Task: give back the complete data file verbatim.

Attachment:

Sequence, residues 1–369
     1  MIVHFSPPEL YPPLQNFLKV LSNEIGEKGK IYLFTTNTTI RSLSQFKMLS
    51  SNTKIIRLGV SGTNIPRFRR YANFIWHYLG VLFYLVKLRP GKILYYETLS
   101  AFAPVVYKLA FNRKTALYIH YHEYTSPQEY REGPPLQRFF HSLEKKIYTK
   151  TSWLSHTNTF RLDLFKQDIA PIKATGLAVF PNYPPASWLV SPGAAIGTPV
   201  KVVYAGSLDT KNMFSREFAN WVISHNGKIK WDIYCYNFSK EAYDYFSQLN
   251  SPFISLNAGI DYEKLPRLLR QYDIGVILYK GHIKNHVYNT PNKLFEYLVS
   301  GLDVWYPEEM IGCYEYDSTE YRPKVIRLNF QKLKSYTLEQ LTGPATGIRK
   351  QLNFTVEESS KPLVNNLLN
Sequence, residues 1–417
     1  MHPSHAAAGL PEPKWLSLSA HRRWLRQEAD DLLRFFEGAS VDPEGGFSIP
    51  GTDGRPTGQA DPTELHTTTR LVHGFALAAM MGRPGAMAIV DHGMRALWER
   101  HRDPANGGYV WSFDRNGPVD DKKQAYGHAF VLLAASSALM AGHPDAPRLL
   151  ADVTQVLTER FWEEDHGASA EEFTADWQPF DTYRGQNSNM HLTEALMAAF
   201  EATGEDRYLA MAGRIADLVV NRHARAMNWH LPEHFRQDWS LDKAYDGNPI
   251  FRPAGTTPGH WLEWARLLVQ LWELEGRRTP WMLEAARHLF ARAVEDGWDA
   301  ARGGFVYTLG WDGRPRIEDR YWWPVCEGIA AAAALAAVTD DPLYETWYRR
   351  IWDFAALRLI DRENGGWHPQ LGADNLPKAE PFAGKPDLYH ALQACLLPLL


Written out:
Sequence, residues 1–369
     1  MIVHFSPPEL YPPLQNFLKV LSNEIGEKGK IYLFTTNTTI RSLSQFKMLS
    51  SNTKIIRLGV SGTNIPRFRR YANFIWHYLG VLFYLVKLRP GKILYYETLS
   101  AFAPVVYKLA FNRKTALYIH YHEYTSPQEY REGPPLQRFF HSLEKKIYTK
   151  TSWLSHTNTF RLDLFKQDIA PIKATGLAVF PNYPPASWLV SPGAAIGTPV
   201  KVVYAGSLDT KNMFSREFAN WVISHNGKIK WDIYCYNFSK EAYDYFSQLN
   251  SPFISLNAGI DYEKLPRLLR QYDIGVILYK GHIKNHVYNT PNKLFEYLVS
   301  GLDVWYPEEM IGCYEYDSTE YRPKVIRLNF QKLKSYTLEQ LTGPATGIRK
   351  QLNFTVEESS KPLVNNLLN
Sequence, residues 1–417
     1  MHPSHAAAGL PEPKWLSLSA HRRWLRQEAD DLLRFFEGAS VDPEGGFSIP
    51  GTDGRPTGQA DPTELHTTTR LVHGFALAAM MGRPGAMAIV DHGMRALWER
   101  HRDPANGGYV WSFDRNGPVD DKKQAYGHAF VLLAASSALM AGHPDAPRLL
   151  ADVTQVLTER FWEEDHGASA EEFTADWQPF DTYRGQNSNM HLTEALMAAF
   201  EATGEDRYLA MAGRIADLVV NRHARAMNWH LPEHFRQDWS LDKAYDGNPI
   251  FRPAGTTPGH WLEWARLLVQ LWELEGRRTP WMLEAARHLF ARAVEDGWDA
   301  ARGGFVYTLG WDGRPRIEDR YWWPVCEGIA AAAALAAVTD DPLYETWYRR
   351  IWDFAALRLI DRENGGWHPQ LGADNLPKAE PFAGKPDLYH ALQACLLPLL